They Might Be Giants is an American alternative rock band formed in 1982 by John Flansburgh and John Linnell. During TMBG's early years and Linnell performed as a duo accompanied by a drum machine. In the early 1990s, TMBG expanded to include a backing band; the duo's current backing band consists of Marty Beller, Dan Miller, Danny Weinkauf. The group is known for their uniquely experimental and absurdist style of alternative music utilising surreal, humorous lyrics and unconventional instruments in their songs. Over their career, they have found success on college radio charts, they have found success in children's music, in theme music for several television programs and films. TMBG have released 22 studio albums. Flood has been certified platinum and their children's music albums Here Come the ABCs, Here Come the 123s, Here Comes Science have all been certified gold; the band has won two Grammy Awards. They were nominated for a Tony Award for Best Original Score Written for the Theatre for SpongeBob SquarePants: The Broadway Musical.
The band has sold over 4 million records. Linnell and Flansburgh first met as teenagers growing up in Massachusetts, they did not form a band at that time. The two attended separate colleges after high school and Linnell joined The Mundanes, a new wave group from Boston; the two reunited in 1981 after moving to Brooklyn to continue their career. At their first concert, They Might Be Giants performed under the name El Grupo De Rock and Roll, because the show was a Sandinista rally in Central Park, a majority of the audience members spoke Spanish. Soon discarding this title, the band assumed the name of a 1971 film They Might Be Giants, in turn taken from a Don Quixote passage about how Quixote mistook windmills for evil giants. According to Dave Wilson, in his book Rock Formations, the name They Might Be Giants had been used and subsequently discarded by a friend of the band who had a ventriloquism act; the name was adopted by the band, searching for a suitable name. A common misconception is that the name of the band is a reference to themselves and an allusion to future success.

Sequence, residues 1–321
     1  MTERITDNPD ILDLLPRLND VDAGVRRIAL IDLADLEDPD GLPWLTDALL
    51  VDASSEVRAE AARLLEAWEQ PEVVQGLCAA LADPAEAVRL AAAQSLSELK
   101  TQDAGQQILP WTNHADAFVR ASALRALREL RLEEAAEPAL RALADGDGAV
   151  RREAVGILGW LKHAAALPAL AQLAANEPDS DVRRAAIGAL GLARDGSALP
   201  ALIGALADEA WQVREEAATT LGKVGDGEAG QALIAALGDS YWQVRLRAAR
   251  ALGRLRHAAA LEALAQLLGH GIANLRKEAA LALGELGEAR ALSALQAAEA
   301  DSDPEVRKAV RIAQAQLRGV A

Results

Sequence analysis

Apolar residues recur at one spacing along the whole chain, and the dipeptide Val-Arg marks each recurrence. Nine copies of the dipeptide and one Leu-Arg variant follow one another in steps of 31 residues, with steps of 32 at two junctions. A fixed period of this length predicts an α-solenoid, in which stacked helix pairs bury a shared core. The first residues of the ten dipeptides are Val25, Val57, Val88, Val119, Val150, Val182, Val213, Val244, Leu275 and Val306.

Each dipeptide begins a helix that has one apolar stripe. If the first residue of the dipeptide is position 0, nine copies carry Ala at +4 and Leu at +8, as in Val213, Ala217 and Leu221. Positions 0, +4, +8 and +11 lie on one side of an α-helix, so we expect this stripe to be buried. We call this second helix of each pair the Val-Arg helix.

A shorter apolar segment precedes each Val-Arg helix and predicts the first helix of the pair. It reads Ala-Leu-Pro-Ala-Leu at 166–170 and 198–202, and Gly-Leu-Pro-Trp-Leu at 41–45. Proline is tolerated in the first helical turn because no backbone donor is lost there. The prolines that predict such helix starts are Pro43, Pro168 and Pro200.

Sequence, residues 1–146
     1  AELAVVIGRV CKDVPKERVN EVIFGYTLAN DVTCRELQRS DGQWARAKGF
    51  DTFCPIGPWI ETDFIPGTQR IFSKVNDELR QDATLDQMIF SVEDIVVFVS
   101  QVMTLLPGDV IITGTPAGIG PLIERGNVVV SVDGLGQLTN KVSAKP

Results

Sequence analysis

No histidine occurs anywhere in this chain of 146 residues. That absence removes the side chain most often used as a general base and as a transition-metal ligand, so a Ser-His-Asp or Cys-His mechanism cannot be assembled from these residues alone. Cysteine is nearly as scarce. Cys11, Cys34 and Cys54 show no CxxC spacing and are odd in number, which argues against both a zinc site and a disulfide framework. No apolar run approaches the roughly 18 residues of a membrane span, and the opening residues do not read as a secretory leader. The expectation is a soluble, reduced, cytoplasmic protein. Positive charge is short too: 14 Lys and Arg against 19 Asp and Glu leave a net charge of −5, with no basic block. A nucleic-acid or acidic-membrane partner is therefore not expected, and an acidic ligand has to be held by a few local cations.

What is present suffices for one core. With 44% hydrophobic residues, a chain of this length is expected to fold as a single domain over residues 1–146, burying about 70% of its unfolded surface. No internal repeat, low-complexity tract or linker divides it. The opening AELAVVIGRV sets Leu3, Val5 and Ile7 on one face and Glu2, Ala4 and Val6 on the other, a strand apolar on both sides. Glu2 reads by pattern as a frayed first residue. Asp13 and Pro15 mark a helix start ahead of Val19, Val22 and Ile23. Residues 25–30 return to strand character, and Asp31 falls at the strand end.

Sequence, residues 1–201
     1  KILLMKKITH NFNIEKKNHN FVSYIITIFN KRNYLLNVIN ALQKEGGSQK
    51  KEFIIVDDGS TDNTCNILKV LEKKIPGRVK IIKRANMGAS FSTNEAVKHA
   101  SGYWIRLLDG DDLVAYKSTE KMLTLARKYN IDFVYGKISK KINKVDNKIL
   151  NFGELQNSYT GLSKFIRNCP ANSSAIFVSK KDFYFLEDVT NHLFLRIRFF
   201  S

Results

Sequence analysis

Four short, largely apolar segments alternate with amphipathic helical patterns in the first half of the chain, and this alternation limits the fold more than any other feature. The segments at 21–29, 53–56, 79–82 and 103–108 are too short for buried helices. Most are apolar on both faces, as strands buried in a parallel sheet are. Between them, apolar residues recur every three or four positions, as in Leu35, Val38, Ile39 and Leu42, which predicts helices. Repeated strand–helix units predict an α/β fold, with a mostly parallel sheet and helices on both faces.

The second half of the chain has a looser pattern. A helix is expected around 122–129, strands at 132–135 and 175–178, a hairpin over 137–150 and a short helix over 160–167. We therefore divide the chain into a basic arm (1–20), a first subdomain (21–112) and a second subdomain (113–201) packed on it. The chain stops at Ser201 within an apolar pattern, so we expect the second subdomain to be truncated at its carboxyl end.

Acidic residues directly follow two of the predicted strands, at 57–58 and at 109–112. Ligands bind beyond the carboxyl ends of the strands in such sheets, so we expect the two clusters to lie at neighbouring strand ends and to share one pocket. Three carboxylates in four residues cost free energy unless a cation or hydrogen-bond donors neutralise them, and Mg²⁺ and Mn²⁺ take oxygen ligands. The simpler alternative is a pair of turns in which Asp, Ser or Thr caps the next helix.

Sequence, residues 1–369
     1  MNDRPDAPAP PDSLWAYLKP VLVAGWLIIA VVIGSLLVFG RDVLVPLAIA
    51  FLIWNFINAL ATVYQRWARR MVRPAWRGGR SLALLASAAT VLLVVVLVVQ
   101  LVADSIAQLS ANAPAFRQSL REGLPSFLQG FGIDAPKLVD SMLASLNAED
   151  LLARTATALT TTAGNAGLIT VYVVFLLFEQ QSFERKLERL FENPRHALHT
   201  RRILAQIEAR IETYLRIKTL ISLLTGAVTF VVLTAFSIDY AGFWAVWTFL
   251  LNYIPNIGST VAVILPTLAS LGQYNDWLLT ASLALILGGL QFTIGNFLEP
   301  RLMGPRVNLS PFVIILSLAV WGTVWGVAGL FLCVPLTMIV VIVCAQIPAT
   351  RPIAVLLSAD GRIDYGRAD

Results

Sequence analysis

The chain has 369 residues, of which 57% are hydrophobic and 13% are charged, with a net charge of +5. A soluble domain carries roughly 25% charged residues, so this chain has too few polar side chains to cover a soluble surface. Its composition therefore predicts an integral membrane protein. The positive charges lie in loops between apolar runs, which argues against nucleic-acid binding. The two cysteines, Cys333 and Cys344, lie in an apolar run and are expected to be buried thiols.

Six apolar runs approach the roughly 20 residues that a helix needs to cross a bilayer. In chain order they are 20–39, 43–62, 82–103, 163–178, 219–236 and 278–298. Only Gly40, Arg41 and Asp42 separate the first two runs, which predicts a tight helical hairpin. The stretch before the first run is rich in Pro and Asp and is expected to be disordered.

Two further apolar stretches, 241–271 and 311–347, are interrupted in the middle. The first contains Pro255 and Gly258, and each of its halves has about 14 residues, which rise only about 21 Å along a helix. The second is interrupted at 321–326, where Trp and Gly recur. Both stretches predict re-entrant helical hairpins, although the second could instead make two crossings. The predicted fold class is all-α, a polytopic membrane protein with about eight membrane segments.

In an interview, John Flansburgh said that the words "they might be giants" are just a outward-looking forward thing which they liked. He clarified this in the documentary movie Gigantic by explaining that the name refers to the outside world of possibilities that they saw as a fledgling band. In an earlier radio interview, John Linnell described the phrase as "something paranoid sounding"; the duo began performing their own music in and around New York City – Flansburgh on guitar, Linnell on accordion and saxophone and accompanied by a drum machine or prerecorded backing track on audio cassette. Their atypical instrumentation, along with their songs which featured unusual subject matter and clever wordplay, soon attracted a strong local following, their performances featured absurdly comical stage props such as oversized fezzes and large cardboard cutout heads of newspaper editor William Allen White. Many of these props would turn up in their first music videos. From 1984–1987, They Might Be Giants were the house-band at Darinka, a Lower East Side performance club.